Fractional reserve banking is, above all, illogical. And since law should be based on the rational and logical understanding of humanity and matter, it doesn’t make sense to hold certain transactions as fraudulent and others as not. If farmer Joe commits a crime by misrepresenting a bailment of straw in his silo, then banker Bill does the same when misrepresenting deposits to his customers. As U.S. Supreme Court Justice Antonin Scalia wrote in his famed Lawrence v. Texas dissenting opinion, “the people, unlike judges, need not carry things to their logical conclusion.”
It’s wrong to misinterpret It’s a Wonderful Life as an example of fractional reserve banking. George Bailey’s family business seems to engage in banking proper. Even so, he still hits a snag thanks to the economic conditions of the time. Of all the lessons contained in It’s a Wonderful Life, the economic fact-of-life that there is a cost and risk for everything is not given enough consideration. The economic free lunch is like Santa Claus – it doesn’t exist. The movie concludes on a memorable line as the youngest Bailey happily proclaims “every time a bell rings an angel gets his wings.” The same can be said of a fractional reserve banking system, in that every time a deposit is made, someone gets duped.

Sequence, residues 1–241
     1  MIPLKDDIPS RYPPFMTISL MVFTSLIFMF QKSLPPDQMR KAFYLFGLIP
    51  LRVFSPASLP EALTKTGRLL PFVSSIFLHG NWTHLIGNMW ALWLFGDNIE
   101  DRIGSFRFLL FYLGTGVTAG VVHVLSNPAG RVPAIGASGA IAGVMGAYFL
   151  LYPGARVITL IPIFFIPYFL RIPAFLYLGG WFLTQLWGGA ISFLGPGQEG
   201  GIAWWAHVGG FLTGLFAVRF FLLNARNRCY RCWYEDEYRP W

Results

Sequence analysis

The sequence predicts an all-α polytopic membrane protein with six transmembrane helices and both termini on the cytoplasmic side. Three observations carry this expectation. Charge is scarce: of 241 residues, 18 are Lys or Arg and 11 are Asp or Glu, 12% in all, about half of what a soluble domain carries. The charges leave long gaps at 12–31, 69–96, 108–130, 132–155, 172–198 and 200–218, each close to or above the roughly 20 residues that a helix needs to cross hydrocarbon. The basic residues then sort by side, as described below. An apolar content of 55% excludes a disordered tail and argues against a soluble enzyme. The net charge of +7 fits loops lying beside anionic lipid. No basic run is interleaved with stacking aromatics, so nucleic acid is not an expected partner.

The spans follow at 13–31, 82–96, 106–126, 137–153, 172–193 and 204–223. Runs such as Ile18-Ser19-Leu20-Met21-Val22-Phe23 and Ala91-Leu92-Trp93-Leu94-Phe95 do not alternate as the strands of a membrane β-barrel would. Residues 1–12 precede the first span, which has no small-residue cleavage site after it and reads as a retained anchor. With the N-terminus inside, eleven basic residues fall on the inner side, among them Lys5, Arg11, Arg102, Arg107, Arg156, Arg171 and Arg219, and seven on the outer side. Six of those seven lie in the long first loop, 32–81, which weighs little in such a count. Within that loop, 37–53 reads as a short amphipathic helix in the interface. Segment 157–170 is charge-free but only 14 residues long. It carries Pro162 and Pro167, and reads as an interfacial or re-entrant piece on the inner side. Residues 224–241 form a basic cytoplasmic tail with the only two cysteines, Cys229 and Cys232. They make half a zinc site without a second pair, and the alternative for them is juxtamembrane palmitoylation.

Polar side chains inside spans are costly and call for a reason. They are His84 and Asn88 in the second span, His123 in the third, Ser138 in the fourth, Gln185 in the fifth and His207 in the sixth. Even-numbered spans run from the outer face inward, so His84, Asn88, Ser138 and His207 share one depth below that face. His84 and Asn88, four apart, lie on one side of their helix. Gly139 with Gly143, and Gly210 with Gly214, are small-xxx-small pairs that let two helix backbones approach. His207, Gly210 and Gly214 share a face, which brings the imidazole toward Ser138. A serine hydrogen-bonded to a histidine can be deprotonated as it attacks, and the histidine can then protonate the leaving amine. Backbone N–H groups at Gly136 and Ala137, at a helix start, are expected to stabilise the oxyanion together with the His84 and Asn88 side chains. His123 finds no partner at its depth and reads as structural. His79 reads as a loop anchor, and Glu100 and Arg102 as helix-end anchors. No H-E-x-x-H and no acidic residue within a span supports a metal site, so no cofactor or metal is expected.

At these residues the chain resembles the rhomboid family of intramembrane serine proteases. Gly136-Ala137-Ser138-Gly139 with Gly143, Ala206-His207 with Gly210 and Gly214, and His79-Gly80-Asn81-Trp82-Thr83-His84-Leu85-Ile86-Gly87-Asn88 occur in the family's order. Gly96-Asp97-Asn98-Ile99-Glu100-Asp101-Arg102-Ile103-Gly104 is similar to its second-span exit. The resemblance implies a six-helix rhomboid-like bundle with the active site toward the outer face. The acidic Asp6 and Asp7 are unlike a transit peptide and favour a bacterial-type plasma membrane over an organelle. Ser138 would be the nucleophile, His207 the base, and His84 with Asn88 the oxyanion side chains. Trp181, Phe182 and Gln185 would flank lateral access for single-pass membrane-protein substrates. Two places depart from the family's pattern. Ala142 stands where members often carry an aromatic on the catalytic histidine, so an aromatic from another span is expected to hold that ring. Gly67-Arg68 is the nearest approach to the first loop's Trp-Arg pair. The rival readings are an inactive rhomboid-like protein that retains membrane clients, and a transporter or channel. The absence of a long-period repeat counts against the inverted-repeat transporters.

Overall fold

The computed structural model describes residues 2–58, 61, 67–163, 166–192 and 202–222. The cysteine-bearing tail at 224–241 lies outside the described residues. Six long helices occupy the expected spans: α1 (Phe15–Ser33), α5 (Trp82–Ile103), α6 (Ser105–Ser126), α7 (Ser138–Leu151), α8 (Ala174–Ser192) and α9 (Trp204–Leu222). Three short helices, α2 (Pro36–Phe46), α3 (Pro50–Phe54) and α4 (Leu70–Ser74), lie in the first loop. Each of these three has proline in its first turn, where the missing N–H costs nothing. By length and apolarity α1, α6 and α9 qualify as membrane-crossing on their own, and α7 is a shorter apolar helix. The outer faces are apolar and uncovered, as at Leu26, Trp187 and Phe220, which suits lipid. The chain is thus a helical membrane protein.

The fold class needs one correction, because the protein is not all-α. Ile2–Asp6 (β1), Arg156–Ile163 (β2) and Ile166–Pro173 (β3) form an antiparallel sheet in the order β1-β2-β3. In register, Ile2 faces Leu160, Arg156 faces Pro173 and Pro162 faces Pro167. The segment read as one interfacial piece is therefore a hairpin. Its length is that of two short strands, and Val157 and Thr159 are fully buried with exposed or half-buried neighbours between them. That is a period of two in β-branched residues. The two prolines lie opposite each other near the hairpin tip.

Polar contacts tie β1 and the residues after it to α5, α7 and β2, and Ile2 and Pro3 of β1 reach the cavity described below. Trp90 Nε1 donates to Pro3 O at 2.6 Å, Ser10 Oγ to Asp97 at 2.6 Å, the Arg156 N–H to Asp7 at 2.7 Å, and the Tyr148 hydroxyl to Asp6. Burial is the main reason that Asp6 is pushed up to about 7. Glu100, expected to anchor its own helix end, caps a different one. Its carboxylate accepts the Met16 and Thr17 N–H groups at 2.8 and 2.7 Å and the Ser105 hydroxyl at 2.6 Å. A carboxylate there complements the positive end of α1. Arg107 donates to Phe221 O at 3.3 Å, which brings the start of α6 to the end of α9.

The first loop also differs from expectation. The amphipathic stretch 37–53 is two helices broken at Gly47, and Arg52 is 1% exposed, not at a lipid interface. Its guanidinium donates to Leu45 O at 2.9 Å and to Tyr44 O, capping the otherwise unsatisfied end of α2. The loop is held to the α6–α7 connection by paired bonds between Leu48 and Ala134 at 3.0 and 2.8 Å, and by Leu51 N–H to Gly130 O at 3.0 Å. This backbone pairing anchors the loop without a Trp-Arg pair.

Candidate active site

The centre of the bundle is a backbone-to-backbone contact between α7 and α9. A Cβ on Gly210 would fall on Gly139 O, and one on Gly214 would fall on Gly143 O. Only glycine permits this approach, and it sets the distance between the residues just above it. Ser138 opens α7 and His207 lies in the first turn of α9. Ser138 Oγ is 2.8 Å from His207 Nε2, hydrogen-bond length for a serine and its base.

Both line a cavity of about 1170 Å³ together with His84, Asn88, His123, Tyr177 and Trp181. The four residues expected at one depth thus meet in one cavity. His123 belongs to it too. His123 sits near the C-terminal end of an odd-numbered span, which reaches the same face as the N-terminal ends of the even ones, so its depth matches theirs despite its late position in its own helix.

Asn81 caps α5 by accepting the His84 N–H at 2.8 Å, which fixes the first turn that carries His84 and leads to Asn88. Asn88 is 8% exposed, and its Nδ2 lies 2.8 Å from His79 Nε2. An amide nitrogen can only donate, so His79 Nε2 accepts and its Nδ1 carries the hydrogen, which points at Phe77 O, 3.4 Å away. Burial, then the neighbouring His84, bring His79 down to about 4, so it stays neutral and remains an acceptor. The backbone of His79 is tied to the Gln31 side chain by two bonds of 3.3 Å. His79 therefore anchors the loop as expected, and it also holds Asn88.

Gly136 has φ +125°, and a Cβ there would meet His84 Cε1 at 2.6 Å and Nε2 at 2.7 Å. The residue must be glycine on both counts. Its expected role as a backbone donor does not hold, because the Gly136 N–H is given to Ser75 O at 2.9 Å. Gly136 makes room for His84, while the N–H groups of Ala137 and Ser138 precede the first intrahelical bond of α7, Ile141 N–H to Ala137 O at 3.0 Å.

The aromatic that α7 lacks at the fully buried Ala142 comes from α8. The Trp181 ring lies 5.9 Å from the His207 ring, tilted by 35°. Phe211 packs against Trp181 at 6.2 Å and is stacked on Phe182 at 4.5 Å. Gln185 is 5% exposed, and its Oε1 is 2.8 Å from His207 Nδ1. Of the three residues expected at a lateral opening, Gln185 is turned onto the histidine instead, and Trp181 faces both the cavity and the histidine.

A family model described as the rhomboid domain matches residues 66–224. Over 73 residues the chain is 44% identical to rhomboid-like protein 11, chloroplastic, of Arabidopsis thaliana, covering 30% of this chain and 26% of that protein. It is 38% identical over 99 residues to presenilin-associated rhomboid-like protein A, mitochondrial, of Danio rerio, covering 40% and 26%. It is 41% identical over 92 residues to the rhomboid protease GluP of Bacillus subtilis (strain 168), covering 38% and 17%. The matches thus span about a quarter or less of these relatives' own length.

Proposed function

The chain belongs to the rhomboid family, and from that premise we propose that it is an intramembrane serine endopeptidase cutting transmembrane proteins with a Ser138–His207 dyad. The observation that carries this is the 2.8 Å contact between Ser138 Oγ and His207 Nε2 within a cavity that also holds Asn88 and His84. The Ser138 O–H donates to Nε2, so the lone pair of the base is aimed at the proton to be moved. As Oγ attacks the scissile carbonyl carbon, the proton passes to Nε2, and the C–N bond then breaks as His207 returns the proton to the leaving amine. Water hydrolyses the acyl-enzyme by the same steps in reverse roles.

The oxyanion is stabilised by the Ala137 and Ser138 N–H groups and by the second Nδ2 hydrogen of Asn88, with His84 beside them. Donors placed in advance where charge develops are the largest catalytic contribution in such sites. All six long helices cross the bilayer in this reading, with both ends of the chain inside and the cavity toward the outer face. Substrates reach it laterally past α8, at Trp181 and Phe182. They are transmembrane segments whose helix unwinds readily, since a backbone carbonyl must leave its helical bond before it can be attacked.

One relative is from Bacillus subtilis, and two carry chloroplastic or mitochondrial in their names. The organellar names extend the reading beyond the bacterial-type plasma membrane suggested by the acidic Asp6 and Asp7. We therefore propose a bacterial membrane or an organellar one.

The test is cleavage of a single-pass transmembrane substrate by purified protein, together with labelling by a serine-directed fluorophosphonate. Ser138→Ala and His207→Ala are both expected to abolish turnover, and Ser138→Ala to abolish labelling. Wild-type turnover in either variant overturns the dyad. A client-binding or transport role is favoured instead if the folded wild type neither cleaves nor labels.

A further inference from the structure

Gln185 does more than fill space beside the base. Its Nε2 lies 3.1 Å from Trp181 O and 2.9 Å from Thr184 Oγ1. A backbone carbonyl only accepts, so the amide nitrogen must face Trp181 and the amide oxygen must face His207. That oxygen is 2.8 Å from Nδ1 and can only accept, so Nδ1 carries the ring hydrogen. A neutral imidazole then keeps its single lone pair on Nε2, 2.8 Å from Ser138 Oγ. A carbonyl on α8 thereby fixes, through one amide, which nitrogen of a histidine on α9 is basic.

The Cowboys: Learning Life on the Job
Dec 27, 2013 11:23 am by Doug French posted in Capitalism, Economics, Education, Lifestyle
There’s plenty of fretting about children. They’re obese, mentally weak, lack ambition, feel entitled, and must have instant gratification. This is all the result of walling off children from adults with child labor laws and an increasing minimum wage. Now with ObamaCare, children can remain on their parent’s health care plan until age 26, further expanding the definition of childhood.
Kids want to grow up and become adults as soon as possible. There shouldn’t be an age requirement. But adults keep them them cooped up in school for more than a decade to hang around other kids, learning to move at the sound of intermittent bells like Pavlov’s dogs. If any knowledge is transmitted it is purely by happenstance.
Then at the end of the schooling sentence the not-so-young person is deemed fit for employment, despite having never functioned in the real world. My umpteenth viewing of “The Cowboys” brought this all to mind on Christmas Day.
The movie was based on a novel of the same title written by William Dale Jennings, who was more famous as a gay activist and founding member of the Mattachine Society, a group formed to protect and improve the rights of homosexuals.
John Wayne plays Will Andersen an aging rancher who needs to drive his cattle from Montana to Belle Fourche, South Dakota before winter sets in.
Gold fever has attracted all the possible trail hands and Andersen is forced to recruit school boys. “A fool comes to town with a fistful of gold dust, and every jackass from 50 miles around lights out after him,” Andersen grouses.